RYLEIGH NORGROVE / THE CHRONICLE - Jayda Campbell, left, and Morgan Yellowtail help promote the message.

SPRINGFIELD – A drive-in movie is quintessentially old-school. It’s classic and sleek. It smells like cherry Coke, buttered popcorn and backseat laughs.

The drive-through, too, strikes the same chord. It’s quick and easy, on-the-go fuel for a busy morning. It’s just around the corner. Always within reach. Reliable and consistent. A perfect blend of nostalgia and the current moment – all tossed together in the same greasy paper bag. 

Today, the lingering pandemic has brought that concept to the art scene. Drive-through exhibits and galleries are popping up all over the world. And last week, there was one in Springfield. 

On Tuesday, May 17, the students of Springfield’s Academy of Arts and Academics (A3) presented “It’s a Plastic World,” a drive-through art installation with an environmentally conscious edge. Students used plastic waste and chicken wire to create life-sized sculptures of pelicans, weightlifters, oil spills, hourglasses and much more. 

In a typical year, A3 would host a variety of indoor, close-contact art exhibits, showcases and performances. The drive-through workaround was a way to adhere to local Covid restrictions while presenting student artwork. And though the A3 students’ artwork wasn’t ‘made to order’ – it certainly made a lasting impression. 

“I mean, we’re not out of the woods yet when it comes to the pandemic,” freshman Morgan Yellowtail said. “The drive-through is awesome; people can come see our work while not being in close-contact with each other.” 

Each group of students began with an “anchor fact” about plastic waste to inspire their art-projects. Yellowtail, an aspiring cartoonist and character artist, worked on a series of life-sized plastic water bottles filled with candy wrappers, empty doritos bags, straws and bottle caps. 

PHOTO PROVIDED - Students at the Academy of Arts & Academics displayed art with an environmental message in the past week.

“One-fifth of all plastic is recycled,” Yellowtail said. “So we wanted to model our installation off of that fact. We were also inspired by artwork other people created out of plastic, like giant plastic animals, and other giant plastic water bottles.”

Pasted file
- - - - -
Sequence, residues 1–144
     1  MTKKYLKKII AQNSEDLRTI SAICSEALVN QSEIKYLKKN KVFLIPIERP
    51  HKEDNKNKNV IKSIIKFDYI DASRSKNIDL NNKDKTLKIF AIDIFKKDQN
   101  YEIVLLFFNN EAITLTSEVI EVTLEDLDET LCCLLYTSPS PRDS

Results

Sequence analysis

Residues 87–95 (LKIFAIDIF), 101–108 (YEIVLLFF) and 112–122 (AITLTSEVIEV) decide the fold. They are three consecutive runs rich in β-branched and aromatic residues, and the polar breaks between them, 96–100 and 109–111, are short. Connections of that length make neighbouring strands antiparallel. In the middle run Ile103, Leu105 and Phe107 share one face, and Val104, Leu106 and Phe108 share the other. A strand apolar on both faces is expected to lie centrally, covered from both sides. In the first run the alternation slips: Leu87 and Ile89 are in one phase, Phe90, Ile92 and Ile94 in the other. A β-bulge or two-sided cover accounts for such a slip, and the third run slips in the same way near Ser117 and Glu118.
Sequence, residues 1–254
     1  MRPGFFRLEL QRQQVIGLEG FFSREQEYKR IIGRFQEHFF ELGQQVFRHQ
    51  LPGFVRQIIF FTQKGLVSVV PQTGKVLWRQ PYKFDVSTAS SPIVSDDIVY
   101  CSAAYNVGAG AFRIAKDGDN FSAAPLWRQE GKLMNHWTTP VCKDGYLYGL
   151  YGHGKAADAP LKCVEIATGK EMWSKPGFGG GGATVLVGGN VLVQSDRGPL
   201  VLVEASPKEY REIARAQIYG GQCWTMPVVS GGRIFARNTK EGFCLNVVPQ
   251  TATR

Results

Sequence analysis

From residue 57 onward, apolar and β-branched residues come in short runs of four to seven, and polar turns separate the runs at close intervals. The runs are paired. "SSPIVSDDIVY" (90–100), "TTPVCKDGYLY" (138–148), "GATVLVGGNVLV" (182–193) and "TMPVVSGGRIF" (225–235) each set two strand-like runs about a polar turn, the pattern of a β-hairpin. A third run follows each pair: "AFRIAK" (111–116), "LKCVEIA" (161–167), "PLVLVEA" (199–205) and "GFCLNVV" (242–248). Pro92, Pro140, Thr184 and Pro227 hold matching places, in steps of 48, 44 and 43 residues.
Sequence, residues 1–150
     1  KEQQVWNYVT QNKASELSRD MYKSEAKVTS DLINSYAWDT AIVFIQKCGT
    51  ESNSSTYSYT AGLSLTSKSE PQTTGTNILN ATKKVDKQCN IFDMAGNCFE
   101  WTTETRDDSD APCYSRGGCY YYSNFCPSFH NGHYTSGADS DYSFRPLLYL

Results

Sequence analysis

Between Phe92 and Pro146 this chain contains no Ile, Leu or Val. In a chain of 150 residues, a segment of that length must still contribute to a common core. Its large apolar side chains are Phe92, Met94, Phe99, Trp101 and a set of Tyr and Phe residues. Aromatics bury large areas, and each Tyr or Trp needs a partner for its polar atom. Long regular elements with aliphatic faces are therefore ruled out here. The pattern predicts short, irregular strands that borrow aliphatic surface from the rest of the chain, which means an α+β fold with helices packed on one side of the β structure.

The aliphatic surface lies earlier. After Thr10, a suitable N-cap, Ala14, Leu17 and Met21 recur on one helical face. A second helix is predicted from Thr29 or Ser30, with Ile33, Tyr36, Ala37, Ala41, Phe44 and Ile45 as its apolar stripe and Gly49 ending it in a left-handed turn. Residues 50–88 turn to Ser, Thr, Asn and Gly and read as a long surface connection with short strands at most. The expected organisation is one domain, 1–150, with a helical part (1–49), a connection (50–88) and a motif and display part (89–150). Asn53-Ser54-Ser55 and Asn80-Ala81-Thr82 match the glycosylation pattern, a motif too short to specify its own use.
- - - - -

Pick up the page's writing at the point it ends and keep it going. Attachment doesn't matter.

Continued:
Other pieces focused on the impact of plastic on wildlife and wetlands, single-use waste and consumer culture. Sophomore Jayda Campbell is a self-confessed coffee addict. Her group’s project was based on the fact that “400 million coffee cups are used each day.” 

“We have a Dutch Bros like, literally right there,” Campbell said, pointing to the Duch Bros across the street. “As someone who drinks coffee, and relies on the single-use plastics that coffee shops offer, my group wanted to make people think more about their reliance on plastic.” 

Her group sculpted a toppled-over coffee cup spilling plastic cups onto the ground. “Art speaks to a lot of people. Art is a big way to put important ideas out there. This project is supposed to show just how harmful plastic is, and that everyday things we don’t think about are bad for the environment,” Campbell said. 

RYLEIGH NORGROVE / THE CHRONICLE - "The Weightlifter."

The “It’s a Plastic World,” exhibit was a collaboration between the 9th and 10th graders of the “Humanqueries” course at A3. The “Humanqueries” program takes an interdisciplinary approach to learning, combining history, language arts and science classes into a singular “module” which all work toward one topic. In the science course, for example, they learned to calculate carbon footprint and plastic waste per year, day, and lifetime based on their own plastic usage. 

Scott Crowell is one of A3’s “Humanqueries” teachers who helped organize the event. 

“We spent all year working on ways to teach students that art is really the message behind something, not just the finished project,” Crowell said.  

Crowell said that the project was aimed at teaching kids critical thinking skills, and “raising the bar” after two years of distance learning. “I can speak for the whole team when I say we are really proud of these kids.”